TOKYO--Though yesterday's unveiling of Halo 3: Recon was not entirely unexpected, it did respark interest in Microsoft's sci-fi shooter franchise. Today at the Hotel New Otani next door to the 2008 Tokyo Game Show floor, developer Bungie Studios called a small gathering of journalists to dish out further information about its new project.
On hand was Bungie.net community lead Brian Jarrard and his associate Luke Smith. "Halo 3: Recon is our answer back to our fans," declared Jarrard. "This is a game we felt like we needed to do. Our fans want more Halo 3 content and they want to do more in the Halo universe, and this is really our way to continue to support the Halo 3 fan base and give them something a little bit different than what they were expecting."
Done with the flowery rhetoric, Jarrard got down to brass tacks, describing what Halo 3: Recon is--and what it isn't.
"In a nutshell, Halo 3 Recon is essentially an expansion, but it is also a stand-alone retail product," he said, adding later that there are no plans to distribute it as downloadable content. "It will be sold in a box available next fall and will include hours of new campaign content and an experience from an all-new perspective. You will be playing the role of an ODST [Orbital Drop Shock Trooper], and the Master Chief will not be featured in this game in any way."
"So the events of the trailer take place just as the Covenant blasts out of the city in the end of Halo 2," explained Smith."So while the Master Chief is off on Delta Halo, which is where the original Helljumpers [ODSTs] were introduced, you're back on Earth in the Covenant-occupied city of New Mombasa." When asked if the game's action will be confined to New Mombasa, Smith declined to go into too much detail. "It's less of a galactic romp than Halo 2 and Halo 3, certainly," he said. "[But] the game is certainly rooted in the city environments you see in the trailer."
Like Halo 3, Halo 3: Recon will let up to four players play through a full-blown campaign in co-op mode. Unlike in Halo 3, the single-player campaign will have achievements worth 1,000 gamer points. "In addition, there will be some new multiplayer content as well," continued Jarrard. The new multiplayer maps will be augmented by all the maps from the Halo 3 Mythic Map Pack, which will be released next spring on Xbox Live Marketplace. As has been revealed via a recent official Halo 3 update, the Mythic Map Pack will have its own set of achievements as well.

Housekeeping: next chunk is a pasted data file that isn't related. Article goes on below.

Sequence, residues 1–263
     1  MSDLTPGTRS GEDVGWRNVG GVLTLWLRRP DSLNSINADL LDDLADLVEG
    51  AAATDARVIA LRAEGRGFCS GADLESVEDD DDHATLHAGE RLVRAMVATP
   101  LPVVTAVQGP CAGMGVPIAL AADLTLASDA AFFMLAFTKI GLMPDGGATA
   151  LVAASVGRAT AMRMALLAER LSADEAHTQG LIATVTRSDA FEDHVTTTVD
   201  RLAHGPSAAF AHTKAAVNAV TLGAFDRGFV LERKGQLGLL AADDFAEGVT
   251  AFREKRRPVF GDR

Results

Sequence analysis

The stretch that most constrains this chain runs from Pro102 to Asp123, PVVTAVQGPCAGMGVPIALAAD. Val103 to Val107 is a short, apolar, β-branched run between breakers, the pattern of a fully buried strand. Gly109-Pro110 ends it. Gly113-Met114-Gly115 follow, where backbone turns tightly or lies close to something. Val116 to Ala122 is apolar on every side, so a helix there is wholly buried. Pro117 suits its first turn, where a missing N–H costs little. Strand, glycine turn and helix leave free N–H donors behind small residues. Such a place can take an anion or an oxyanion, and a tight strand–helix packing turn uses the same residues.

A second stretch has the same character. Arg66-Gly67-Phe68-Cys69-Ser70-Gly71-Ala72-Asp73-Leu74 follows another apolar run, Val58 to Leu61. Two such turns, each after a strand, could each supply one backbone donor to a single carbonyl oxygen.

Then Jarrard and Smith shifted into rumor-debunking mode, declaring that Halo 3: Recon is not third-person nor is it squad-based. It will not be a Splinter Cell-like stealth game, but players will have to take a different approach to combat, as their character will not be a Spartan supersoldier like the Master Chief. This new style of gameplay, however, will not apply to Recon's multiplayer maps, which will support "traditional, classic" Halo 3 modes.
Halo 3: Recon is also not the beginning of a new subset of the Halo franchise, a la Halo Wars. "It's certainly a one-off thing," stated Jarrard. "From Bungie's perspective, this is just us giving back to people who are currently playing Halo 3 and keeping that trilogy and that saga going a little bit longer."
Jarrard also reiterated that Halo 3: Recon is also not the only thing Bungie is working on. "This is just one of a couple projects we have in the studio under way now," he explained. "This is the first time we've tried to have a smaller, nimble, more agile team of people on a project while the rest of the team tackles other projects." He also said that many Recon team members have been at Bungie since work on Halo: Combat Evolved began at the turn of the century. "They're at the core of the Halo universe. This is a fun way for them to try out some ideas they've had on the back burner."